By Jim Bentley
If you’re a teacher like me, you probably do not have room on your plate to teach one more thing, nor do you have a plate big enough to handle what’s already on it.
But what if I told you that applying an environmental lens to any elementary, middle, or high school subject with relatively minimal effort could increase your students’ environmental literacy?
Hi, I’m Jim Bentley, a California public school teacher and a National Geographic Fellow. And yes, I’m trying to sell you an idea, but not a product or a curriculum or a workshop.
So, just what is environmental literacy?
It’s an understanding of how we all have a personal relationship with the environment. From the air we breathe to the water we drink – we all depend upon and influence our planet. But let’s just say an environmentally literate student or adult has the essential knowledge, skills, and attitudes to make informed decisions that are both ecologically and economically sound.
So, how might environmentally literate students behave?
Last year my 6th graders studied the impact of marine plastics and asked what they could do to help reduce the 8 million tons of plastic waste that enter our oceans annually. When they learned each second 1,500 plastic bottles were consumed in the U.S.
Students focused on reducing the use of disposable plastic bottles by promoting water bottle filling stations in their community. They used ArcGIS online to map where water sources could be found in our city…only to learn there were no reusable water bottle filling stations.
Students constructed a story map and met with parks and recreation officials to propose installation of bottle filling stations in parks throughout our community, and guess what? They succeeded! Check out this Fox 40 news video to learn more about this project from my students.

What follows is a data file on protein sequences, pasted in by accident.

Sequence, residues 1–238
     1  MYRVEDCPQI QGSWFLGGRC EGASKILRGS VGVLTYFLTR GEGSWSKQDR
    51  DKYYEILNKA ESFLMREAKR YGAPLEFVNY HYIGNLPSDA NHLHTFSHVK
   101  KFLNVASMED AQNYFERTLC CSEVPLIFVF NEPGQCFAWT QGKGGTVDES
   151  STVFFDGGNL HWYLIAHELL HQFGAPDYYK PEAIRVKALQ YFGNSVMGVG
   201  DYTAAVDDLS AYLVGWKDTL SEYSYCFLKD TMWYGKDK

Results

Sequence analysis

Here’s the good news: you don’t need a project as elaborate as mine and you don’t need a special curriculum to infuse environmental thinking into your lessons.
California has 5 Environmental Principles and Concepts, which are big ideas about how humans relate to the environment. You can weave these ideas into lessons, helping you frame instruction in a way that draws attention to our environment while you go about the business of teaching whatever content you want.
Let’s view the topic of food webs through the lens of Environmental Principle 2 which focuses on how humans influence natural systems.
This food web could be found in any curriculum. It would be simple to weave in principle 2 by asking students to predict what would happen if humans affected any part of the food web.
For example, if humans were to build a housing development it might displace the coyote from the ecosystem – how might this affect the rest of the food web?
Likewise if we were to cut down trees in an oak woodland to build a housing development, how would that affect the food web?
Teaching with the Environmental Principles and Concepts is like using a new lens to view academic content. And it’s is something you’re going to see in the newest Science and History-Social Science Frameworks and textbook adoptions in coming years.
Fostering environmental literacy in our students. It makes learning relevant and helps them answer the question, “Why should I care?” And more importantly, today’s environmentally literate students will be tomorrow’s leaders and stewards of our Earth.
About the Author
Jim Bentley teaches 5th and 6th grade students in the Elk Grove Unified School District. He is passionate about integrating filmmaking and project based learning throughout the school day and across all subjects, especially environmental science. Bentley has served as a national trainer for the Center for Civic Education, specializing in the Project Citizen curriculum which teaches students how to monitor and responsibly influence public policies. He’s recently begun working with EEI as a Teacher Ambassador. In 2011 Bentley received the American Civic Education Award for his work with students and teachers related to civics. In 2012 he received the Allan Hinderstein Award for his use of filmmaking in the classroom. You can follow Bentley and his students’ adventures on Twitter by following Jim Bentley @Curiosity_Films, or check out his students’ filmmaking by visiting their YouTube and Vimeo Channels, Curiosity Films.